There has been a significant increase in the number of people putting arrangements in place for a Lasting Power of Attorney (LPA).
Data released this week following a Freedom of Information request by a pension company has revealed that more than 440,000 LPAs were set up in 2015 and around 300,000 registrations had already been made up to August this year.
While it is possible to make arrangements covering finances and property and health and welfare, it is management of financial affairs which the figures suggest is a particular preoccupation (there were 134,311 more of these arrangements.)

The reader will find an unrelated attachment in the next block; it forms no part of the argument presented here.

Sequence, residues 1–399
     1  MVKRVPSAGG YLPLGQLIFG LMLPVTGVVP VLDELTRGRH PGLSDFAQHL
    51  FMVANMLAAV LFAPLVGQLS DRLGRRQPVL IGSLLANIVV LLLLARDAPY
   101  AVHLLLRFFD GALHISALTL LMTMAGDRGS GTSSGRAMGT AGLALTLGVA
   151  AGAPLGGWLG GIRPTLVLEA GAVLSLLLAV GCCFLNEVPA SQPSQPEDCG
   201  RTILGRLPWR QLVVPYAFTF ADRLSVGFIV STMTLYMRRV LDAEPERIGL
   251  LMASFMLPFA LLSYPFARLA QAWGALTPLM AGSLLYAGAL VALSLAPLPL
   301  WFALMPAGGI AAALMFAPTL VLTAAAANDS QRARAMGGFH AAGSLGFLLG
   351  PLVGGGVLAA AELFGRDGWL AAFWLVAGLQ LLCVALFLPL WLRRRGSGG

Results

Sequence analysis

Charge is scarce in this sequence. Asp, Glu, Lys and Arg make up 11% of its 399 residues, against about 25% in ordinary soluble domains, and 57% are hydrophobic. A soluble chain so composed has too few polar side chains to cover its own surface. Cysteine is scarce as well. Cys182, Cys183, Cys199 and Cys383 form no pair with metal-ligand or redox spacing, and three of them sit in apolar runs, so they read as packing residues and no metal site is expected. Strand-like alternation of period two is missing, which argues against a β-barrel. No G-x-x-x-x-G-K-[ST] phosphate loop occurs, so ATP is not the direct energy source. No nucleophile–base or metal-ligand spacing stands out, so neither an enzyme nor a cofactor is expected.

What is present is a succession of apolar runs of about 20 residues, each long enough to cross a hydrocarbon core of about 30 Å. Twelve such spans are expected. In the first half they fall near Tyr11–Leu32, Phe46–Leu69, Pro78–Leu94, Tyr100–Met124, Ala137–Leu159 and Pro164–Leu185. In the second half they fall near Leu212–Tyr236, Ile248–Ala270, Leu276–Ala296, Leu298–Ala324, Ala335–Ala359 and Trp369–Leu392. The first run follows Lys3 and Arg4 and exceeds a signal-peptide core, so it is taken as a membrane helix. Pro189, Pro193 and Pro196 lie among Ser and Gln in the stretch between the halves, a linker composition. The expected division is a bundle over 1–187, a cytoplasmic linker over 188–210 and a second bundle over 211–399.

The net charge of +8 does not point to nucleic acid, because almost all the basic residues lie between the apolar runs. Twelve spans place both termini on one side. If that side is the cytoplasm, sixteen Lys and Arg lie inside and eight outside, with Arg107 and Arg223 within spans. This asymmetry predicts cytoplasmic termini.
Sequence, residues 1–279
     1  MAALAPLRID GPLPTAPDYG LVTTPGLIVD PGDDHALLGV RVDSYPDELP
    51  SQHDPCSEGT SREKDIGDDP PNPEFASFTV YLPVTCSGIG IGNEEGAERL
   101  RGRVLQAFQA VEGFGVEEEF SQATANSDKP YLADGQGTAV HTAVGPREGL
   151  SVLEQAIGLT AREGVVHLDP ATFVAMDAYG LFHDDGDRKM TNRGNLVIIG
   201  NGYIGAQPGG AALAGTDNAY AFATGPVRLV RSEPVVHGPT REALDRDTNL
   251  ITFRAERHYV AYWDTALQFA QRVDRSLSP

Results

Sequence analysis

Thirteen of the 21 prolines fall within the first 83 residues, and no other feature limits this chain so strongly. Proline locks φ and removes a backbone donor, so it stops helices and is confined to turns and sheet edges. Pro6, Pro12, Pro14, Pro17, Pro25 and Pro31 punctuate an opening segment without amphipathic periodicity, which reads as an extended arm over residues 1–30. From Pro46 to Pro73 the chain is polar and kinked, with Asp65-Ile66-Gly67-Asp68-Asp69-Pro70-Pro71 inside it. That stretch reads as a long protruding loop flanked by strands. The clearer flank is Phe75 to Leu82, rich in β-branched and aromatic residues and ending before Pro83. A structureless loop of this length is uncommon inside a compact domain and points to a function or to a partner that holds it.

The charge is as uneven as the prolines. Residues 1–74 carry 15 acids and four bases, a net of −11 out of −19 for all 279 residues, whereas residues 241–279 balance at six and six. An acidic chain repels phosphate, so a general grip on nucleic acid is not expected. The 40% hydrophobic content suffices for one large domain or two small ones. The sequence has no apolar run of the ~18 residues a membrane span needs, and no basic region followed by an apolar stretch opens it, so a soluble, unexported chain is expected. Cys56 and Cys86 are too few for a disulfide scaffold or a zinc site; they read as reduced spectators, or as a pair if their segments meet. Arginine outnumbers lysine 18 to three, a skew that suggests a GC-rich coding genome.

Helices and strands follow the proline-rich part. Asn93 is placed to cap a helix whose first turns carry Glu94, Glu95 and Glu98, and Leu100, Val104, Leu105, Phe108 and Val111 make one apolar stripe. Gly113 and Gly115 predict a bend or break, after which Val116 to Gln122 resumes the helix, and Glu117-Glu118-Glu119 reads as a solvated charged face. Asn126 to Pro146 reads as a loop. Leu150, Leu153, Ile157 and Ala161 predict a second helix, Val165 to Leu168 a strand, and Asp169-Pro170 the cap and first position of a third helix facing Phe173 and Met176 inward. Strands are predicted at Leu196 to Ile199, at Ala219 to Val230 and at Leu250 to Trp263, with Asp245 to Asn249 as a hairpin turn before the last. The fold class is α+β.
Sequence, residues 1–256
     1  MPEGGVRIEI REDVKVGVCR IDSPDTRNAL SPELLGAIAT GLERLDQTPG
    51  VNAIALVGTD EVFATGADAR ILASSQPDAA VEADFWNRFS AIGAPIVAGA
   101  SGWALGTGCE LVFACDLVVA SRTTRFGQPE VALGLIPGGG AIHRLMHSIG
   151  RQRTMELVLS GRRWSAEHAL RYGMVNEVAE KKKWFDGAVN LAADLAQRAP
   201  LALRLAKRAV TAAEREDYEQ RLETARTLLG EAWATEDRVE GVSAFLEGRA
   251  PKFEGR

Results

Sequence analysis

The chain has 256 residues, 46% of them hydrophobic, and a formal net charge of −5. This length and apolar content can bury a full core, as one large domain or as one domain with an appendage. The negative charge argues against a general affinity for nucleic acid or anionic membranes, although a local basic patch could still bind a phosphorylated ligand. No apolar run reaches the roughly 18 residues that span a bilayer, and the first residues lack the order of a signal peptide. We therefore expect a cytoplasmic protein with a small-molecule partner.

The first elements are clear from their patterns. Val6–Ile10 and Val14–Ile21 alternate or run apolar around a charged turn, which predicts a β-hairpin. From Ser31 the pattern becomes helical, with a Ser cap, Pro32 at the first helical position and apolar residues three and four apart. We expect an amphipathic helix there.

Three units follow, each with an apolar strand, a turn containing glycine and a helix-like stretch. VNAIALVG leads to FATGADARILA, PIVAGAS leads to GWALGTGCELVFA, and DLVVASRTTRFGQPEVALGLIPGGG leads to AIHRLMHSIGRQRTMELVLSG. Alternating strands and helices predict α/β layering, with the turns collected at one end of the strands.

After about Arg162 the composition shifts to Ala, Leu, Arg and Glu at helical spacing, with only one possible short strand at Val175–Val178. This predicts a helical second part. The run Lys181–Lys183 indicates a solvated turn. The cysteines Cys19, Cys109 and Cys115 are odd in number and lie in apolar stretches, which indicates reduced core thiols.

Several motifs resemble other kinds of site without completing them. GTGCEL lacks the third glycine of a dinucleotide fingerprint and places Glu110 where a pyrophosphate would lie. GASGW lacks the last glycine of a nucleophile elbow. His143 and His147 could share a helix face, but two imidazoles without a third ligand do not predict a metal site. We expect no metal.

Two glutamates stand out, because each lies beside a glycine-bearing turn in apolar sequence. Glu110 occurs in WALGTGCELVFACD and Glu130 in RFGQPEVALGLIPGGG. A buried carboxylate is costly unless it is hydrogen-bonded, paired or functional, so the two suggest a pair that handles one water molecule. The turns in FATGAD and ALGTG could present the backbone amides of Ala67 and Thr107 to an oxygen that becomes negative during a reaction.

Overall there have been almost two million “lasting” agreements made since 2007, which was the year that the old system of Enduring Power of Attorney was abolished – amid fears that the regime was too open to abuse.
It is thought that the increase in the number of people seeking to implement LPAs has in part been driven by the fact that life expectancies are rising and a growing proportion of people are developing neurological conditions such as Alzheimer’s.
Only this week, a separate report revealed that dementia accounted for one in eight deaths last year and is now the biggest killer in England and Wales.
Once someone has lost mental capacity, they will no longer be able to make a LPA and their affairs will instead have to be managed through the Court of Protection.